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RVs are attractive to folks on the move


Camping in comfort.

Basically, that's what the owners of recreational vehicles are after when they hit the road. That, and a quest for neighborliness.

"With three kids and a dog, I spent 11 years of vacations in a tent," says Pat Stogoski of Baltimore. "We've met so many nice people. When you're in a tent, people come over and help you set it up."

Her children are now grown, and Mrs. Stogoski still calls herself a camper. But these days, she camps in the comfort of her 30-foot motor home. RV, for short.

Mrs. Stogoski fits the stereotype of RVers -- retired or almost retired, and the kids grown. Or does she?

"Most of our newest customers are families," says John Staub, a sales consultant with the Joppa RV Center. "They're not spending as much as the retired folk, about $70,000 to $80,000. Instead, a 22-foot trailer costing $8,994 is pretty typical for a young family."

There are four basic models of RVs: the pop-up, the truck camper (or fifth wheel, which slides in over a truck's cab or payload), the travel trailer (looks like a motor home, but hitches to back of a truck) and the motor home. You can spend as little as $3,000 for a pop-up, or cash in the pension and spend as much as $400,000 for a motor home castle.

Though people in RVs look removed from the dirt and grime of nature at campgrounds, most RVers prefer to be called campers. That's because almost all RVers earned their stripes, so to speak, on the ground in a tent.

Retiree Phil Rensch spent his first night in the woods as a Boy Scout -- in a tent. Today, he has "moved up" to a 34-foot motor home that sleeps six. The best thing about his motor home, he says, is "knowing who slept in your bed last, and being able to pick out your food. It's home."

Having the comforts of home while still "getting away from it all" is a commonly expressed desire among RVers. It's so comfortable, many live there full-time. Like Don Reid, now somewhere in southwest Arizona.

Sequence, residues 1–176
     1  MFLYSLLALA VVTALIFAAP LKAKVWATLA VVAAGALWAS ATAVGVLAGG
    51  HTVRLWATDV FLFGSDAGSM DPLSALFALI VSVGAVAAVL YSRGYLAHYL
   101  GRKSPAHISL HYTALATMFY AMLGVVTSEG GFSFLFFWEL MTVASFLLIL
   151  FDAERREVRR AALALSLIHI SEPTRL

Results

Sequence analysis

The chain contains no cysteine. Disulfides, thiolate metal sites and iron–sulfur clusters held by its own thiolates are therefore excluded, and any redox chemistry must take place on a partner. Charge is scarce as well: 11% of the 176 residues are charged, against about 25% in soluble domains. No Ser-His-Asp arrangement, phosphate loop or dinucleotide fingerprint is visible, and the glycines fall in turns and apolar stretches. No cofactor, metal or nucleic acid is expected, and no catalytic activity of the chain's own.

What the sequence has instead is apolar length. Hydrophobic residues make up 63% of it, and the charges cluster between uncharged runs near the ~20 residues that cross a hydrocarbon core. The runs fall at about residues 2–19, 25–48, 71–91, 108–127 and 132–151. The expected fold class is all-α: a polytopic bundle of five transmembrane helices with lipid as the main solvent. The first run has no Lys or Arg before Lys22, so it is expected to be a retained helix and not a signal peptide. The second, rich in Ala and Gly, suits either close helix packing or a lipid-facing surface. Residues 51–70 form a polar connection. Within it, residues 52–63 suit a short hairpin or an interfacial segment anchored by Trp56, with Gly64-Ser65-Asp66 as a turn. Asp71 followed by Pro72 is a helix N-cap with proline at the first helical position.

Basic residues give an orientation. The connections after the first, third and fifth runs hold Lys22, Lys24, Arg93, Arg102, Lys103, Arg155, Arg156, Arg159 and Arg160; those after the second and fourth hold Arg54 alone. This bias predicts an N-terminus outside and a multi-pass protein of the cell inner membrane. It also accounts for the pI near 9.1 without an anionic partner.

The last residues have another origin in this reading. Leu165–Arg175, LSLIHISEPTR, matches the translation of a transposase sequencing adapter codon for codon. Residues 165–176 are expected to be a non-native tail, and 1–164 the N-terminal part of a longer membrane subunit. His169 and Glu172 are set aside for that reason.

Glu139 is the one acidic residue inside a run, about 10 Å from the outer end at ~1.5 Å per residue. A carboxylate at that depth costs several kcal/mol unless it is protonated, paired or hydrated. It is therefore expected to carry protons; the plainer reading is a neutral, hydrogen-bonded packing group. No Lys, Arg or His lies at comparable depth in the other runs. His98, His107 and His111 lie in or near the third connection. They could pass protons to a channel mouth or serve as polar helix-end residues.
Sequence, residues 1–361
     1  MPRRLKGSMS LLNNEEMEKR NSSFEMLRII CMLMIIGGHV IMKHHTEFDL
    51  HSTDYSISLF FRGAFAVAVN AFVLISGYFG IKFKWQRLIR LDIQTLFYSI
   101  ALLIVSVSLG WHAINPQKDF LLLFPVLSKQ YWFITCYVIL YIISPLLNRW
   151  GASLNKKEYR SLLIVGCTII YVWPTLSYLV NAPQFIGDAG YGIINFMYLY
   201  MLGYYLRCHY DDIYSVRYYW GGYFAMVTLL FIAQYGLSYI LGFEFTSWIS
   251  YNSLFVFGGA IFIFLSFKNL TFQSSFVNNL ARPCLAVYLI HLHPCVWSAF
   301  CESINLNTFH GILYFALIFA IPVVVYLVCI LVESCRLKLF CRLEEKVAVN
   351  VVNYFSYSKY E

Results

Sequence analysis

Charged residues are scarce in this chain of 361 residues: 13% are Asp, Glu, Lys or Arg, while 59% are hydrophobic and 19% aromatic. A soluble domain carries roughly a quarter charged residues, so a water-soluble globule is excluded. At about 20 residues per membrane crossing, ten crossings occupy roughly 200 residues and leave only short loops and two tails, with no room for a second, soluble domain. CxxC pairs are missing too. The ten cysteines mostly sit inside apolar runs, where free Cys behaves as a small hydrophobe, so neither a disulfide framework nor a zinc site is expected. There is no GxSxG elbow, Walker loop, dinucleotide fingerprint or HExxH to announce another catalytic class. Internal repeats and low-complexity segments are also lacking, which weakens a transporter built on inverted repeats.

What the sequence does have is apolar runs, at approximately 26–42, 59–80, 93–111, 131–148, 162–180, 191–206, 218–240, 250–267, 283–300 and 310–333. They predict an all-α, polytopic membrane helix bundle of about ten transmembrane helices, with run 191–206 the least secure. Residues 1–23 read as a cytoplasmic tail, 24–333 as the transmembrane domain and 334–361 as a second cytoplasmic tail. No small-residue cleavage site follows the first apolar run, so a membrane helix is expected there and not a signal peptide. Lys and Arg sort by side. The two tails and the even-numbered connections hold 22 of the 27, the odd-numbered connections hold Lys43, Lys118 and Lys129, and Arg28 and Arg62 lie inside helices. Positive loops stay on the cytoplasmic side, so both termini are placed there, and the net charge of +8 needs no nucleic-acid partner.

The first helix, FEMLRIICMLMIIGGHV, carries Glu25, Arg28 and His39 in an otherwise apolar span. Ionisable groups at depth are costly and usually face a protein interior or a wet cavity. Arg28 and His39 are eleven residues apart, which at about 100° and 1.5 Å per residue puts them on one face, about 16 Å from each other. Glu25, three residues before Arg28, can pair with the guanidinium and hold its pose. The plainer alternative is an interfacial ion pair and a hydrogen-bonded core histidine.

"It has a washer and dryer, a microwave oven, a queen-size bed, a slide-out living room and of course room for a computer," says Mr. Reid. "I have been living this way for several years and love it."

In their book, "Living Aboard Your RV" (1986, Tagged Mountain/McGraw Hill), Janet and Gordon Groene say, "Some people look down on RV campers as gas hogs, nature tramplers and all-time chief polluters of the outdoor world."

They beg to differ. "The consumer needs of most RVs are minuscule compared to even the smallest homes. When we do run the heat or air conditioning, it's for an entire home that has less cubic footage than one bedroom in the average house."

Gas is a big expense in RVs; the average motor home, or truck pulling a trailer, gets about 8 miles per gallon. Still, says Mr. Staub, that's cheaper than a night on a good hotel.

There is the expense of a campground slot. The average price of a night's stay at the more than 10,000 RV campgrounds in the United States is $10 to $15.

Most campers don't take long trips in their RVs. The average trip is just 200 miles, say industry sources. RVers says that's because they're not necessarily after Mount Rushmore, but a neighborly feeling.

"Everywhere you go . . . you see people sitting outside, talking. It's like a . . . little community," says Mrs. Stogoski.

Among several RV organizations are RVing Women, a feminist group, and the Escapee Club, all full-timers.

In Maryland, the largest RV event is the annual Good Sam Jamboree at the Frederick County Fairgrounds. This year it's on Memorial Day weekend, and more than 2,000 RVs are expected to park in.


Where: Timonium State Fairgrounds

When: Today and tomorrow, 11 a.m. to 9 p.m.; Sunday 11 a.m. to 6 p.m.

Admission: $6 adults, children 12 and under free (discount coupons at all RV dealers)

Call: (410) 252-0200

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